Life in the Cleanest City of India, Indore

India’s second largest state, Madhya Pradesh has some of the most exquisite cultures and traditions neatly tied in a bow at the centre of the nation. And the largest city in it, Indore takes away most of the credit by being the epicenter of this center.

Crowned as the cleanest city in India by Swachh Survekshan (Government of India) for the fourth consecutive time this year, Indore has two communities to thank- its people and the state government. And as you can imagine, being the cleanest city is definitely hard work. So, let’s quickly find out how Indore managed to blow our minds with god-level neatness 4 years in a row!

Clean roads and public spaces boost Indore tourism.
The government workers work tirelessly to keep the roads spick n' span. Picture credits to coloursofindore_c .

Game, Set, Dispose

The Indore Municipal Corporation has stepped up in its game by taking serious steps when it comes to proper waste disposal by its residents. The earlier placed garbage disposal bins have been replaced with door-to-door garbage collection. It is much more efficient and effective than the former method and keeps a clear record of the households adhering to the rules. Dry wastes were kept separate from the wet ones making their disposal easy.

With the population reaching over 5 million, the government has still found a way to keep Indore clean and manageable.

Organic Matter Does Matter

We all know that wet garbage and organic matter (such as vegetable peels, tea leaf waste and other kitchen waste) can be used to make compost for plants. The residents in Indore actually implemented the same in most of their localities and it did wonders! One such example is that of Lokmanya Nagar, where almost 750 households have a legit business of making compost from terracotta pots, a lucrative local business in Indore.

The self-sufficiency really comes off as sheer surprise to people on the outside and makes them wonder, how do they do it? Most of the localities not only followed into the footsteps of this revolutionary change, but also found individual ways to reduce waste generation. This happened to an extent that almost 700 compost making units are working at gardens, hotels, schools and other places across the big city.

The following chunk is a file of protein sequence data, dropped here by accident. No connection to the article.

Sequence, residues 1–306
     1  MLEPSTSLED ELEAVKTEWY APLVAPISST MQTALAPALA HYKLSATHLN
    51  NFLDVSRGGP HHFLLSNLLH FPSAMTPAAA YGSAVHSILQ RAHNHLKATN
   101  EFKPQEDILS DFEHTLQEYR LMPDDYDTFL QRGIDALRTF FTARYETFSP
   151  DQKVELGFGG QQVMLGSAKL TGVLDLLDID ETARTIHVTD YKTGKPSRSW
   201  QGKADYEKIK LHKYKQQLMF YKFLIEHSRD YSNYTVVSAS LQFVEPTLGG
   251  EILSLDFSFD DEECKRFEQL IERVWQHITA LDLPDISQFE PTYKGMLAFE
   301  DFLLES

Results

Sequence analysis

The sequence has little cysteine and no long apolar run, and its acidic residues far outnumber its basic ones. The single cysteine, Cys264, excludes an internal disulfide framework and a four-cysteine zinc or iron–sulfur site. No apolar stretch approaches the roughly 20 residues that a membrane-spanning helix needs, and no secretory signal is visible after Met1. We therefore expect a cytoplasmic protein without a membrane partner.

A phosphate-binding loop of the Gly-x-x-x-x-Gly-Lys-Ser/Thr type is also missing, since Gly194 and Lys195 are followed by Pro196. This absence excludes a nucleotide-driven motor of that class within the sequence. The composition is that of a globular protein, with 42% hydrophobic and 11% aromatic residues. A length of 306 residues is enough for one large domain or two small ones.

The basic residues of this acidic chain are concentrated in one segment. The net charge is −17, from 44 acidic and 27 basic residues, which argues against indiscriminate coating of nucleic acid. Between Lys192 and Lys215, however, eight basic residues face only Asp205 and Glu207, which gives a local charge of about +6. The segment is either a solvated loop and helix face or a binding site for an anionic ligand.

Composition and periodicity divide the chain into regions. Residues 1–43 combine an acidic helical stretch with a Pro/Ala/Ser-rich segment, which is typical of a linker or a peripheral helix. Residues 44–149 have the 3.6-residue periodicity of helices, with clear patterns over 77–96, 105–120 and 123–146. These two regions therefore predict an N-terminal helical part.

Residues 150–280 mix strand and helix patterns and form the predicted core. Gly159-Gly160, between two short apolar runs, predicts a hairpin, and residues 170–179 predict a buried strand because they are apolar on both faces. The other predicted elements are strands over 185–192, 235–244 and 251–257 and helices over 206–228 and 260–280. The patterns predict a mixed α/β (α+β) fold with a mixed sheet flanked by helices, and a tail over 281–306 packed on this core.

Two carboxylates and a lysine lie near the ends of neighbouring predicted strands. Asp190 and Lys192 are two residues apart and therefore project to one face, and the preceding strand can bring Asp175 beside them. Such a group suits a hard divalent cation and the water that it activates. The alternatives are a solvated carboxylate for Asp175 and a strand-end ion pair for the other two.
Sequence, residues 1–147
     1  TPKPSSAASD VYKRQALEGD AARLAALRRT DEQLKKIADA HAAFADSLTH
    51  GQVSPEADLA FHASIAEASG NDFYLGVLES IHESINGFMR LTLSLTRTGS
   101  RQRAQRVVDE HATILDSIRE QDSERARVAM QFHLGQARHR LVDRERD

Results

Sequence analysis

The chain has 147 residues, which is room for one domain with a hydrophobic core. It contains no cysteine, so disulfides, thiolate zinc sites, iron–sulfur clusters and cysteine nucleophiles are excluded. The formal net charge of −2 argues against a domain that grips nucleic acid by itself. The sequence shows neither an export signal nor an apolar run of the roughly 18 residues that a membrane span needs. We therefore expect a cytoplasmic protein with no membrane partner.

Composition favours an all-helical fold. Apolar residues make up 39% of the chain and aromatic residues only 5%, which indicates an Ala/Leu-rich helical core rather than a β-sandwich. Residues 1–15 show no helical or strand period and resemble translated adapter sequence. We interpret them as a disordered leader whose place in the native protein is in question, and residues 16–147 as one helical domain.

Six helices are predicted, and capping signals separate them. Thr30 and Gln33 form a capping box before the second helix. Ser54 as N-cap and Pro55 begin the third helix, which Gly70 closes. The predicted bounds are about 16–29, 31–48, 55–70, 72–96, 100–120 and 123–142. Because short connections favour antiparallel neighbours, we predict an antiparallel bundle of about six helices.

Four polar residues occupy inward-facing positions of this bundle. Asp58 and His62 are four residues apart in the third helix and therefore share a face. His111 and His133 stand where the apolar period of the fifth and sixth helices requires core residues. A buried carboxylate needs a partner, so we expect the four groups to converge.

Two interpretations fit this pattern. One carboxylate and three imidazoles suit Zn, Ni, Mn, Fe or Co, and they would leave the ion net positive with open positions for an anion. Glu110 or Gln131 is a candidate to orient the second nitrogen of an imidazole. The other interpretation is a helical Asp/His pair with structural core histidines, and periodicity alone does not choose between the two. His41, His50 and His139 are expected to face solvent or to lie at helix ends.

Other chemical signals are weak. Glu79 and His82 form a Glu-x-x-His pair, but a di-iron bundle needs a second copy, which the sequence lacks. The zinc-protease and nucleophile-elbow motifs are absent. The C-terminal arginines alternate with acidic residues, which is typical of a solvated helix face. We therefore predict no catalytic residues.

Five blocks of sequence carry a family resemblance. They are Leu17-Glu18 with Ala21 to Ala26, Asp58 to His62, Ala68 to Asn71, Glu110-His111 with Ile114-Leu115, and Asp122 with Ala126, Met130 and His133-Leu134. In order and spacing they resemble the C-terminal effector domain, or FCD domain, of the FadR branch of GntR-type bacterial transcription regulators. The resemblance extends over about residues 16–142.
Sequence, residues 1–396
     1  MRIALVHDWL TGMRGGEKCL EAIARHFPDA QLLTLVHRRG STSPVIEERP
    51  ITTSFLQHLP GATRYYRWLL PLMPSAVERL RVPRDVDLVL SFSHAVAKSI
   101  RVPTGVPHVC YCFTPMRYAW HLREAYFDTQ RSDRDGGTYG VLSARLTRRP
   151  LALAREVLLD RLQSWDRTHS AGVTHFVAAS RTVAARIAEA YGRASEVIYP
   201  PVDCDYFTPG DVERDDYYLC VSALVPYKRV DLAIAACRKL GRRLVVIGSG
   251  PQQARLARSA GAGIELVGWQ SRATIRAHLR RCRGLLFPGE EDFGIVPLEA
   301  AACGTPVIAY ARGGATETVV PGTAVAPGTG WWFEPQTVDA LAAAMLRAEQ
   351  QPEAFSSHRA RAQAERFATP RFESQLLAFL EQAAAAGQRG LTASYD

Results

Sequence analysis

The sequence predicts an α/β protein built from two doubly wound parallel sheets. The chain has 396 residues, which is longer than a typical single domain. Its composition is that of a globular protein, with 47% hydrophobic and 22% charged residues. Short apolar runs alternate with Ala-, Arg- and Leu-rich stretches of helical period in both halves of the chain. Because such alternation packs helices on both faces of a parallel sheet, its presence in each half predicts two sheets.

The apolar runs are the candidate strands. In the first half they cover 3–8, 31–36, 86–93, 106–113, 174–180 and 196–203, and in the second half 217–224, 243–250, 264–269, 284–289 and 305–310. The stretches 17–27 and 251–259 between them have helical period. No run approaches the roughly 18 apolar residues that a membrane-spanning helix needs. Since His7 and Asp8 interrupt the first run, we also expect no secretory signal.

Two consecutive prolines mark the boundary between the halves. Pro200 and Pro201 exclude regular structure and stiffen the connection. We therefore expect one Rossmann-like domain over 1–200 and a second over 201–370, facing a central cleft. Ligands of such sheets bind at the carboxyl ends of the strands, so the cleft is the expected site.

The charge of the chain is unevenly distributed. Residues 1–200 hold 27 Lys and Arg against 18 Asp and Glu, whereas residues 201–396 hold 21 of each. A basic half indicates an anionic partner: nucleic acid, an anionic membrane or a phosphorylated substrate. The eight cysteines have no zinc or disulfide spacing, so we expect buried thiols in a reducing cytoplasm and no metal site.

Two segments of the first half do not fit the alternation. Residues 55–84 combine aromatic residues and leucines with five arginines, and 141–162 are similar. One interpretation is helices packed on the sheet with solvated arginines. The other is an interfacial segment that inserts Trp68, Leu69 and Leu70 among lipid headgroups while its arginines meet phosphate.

Polythenes Are Enemies

A lot of Indian cities talk about it and even try implementing it but with little to no success over a period of time. Indore, on the other hand, has taken this step in all seriousness. Use of polythenes has been banned in the city and as a result, shopkeepers and citizens both have started using either cloth/jute bags or bags of permissible thickness as suitable replacement products. It’s almost like removing the root cause of the problem, right?

Dustbins On The Move!

Not just the government but people have collectively started taking responsibility for not littering the roads and honestly, nothing can be better than this. Be it cars, buses or other public transport in the city, dustbins are installed by both the public and the government to keep a check on unnecessary litter disposal inside the vehicles. And the result? Well it’s pretty evident, don’t you think? :)

Interesting graffiti can be seen plastered on the walls of the city.
Not just cleanliness, but the streets of Indore are also plastered with interesting graffiti, making them all the more vibrant. Picture credits to coloursofindore_c .

Educating Kids, The Right Way

A clever way to incorporate the habit of proper waste disposal is by educating the children at home or in school. And no better way to do this than making them responsible for their actions and the people around them. If someone is seen littering the roads in Indore, the kids try to discipline them with discretion, off course! After all they are the future of our nation and they ought to know.

Afterparty Includes Clean-Ups

Be it religious events, public rallies or festival celebrations, the citizens make sure to clean-up post a big event that uses public space and dispose the waste properly. This maintains the level of waste generation in the city and helps keep a check on it too. And since it’s a community effort, it helps bring people closer to each other and work in unison.